Point estimates of mean differences between base and end-of-trial scores for papillary bleeding (χ2 = 0.08; p = 0.77; I2 = 0%) and bleeding on marginal probing (χ2 = 1.21; p = 0.27; I2 = 18%) appeared to be similar and consistently favoured CHX. The end scores for plaque, gingival index and staining showed moderate to considerable inconsistency. Reasonable overlap of confidence intervals between studies was observed for all the outcome variables, indicating that there was no significant difference in the results of the individual studies.

Although there was significant variability between individual studies, no statistically significant differences were observed between subgroups for plaque scores (p = 0.60; I2 = 0%), papillary bleeding (p = 0.77; I2 = 0%), gingival scores (p = 0.49; I2 = 0%) or bleeding on marginal probing (= 0.27; I2 = 0%). Statistically significant differences were, however, observed between subgroups for staining scores, which could probably be ascribed to differences in rinsing regimens and concentration of rinses used by participants.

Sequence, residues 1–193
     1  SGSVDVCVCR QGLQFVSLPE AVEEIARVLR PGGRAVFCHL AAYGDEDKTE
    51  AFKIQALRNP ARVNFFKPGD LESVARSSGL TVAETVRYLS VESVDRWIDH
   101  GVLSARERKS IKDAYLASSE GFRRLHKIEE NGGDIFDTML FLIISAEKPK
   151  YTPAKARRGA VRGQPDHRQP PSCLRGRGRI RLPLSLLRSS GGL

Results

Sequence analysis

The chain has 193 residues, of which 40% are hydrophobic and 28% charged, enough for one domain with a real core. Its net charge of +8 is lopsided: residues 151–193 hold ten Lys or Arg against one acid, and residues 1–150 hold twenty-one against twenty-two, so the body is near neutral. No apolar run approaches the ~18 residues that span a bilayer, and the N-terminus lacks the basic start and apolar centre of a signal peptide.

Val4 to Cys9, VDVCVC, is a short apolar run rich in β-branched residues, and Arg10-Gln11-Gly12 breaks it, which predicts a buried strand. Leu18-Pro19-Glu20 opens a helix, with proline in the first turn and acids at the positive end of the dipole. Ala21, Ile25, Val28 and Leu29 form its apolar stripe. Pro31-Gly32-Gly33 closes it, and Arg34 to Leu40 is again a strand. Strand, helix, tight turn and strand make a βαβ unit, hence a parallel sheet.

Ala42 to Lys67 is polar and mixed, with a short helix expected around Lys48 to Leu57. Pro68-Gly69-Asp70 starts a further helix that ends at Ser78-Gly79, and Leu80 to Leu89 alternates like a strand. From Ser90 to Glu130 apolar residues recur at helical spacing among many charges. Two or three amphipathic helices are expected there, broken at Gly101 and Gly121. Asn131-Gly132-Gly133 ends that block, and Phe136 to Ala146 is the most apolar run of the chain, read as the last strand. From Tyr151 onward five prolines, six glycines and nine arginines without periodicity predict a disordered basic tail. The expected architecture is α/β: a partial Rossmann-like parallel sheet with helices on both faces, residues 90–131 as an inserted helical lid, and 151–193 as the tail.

The meta-analysis showed significant weighted mean differences for all the treatment outcome parameters, favouring CHX. Overall, the evidence demonstrated that a CHX mouth rinse is effective in controlling plaque and gingivitis. The investigators also concluded that the effect of CHX as an adjunct was consistent throughout the individual studies. CHX reduced plaque by 33% and gingivitis by 26% relative to the controls.

Significantly more staining was demonstrated amongst CHX-rinsing groups. Increased calculus formation and altered taste sensation were also frequently observed. Burning sensations, mucosal lesions and hypersensitivity were less frequently observed as adverse events.

Applicability of the results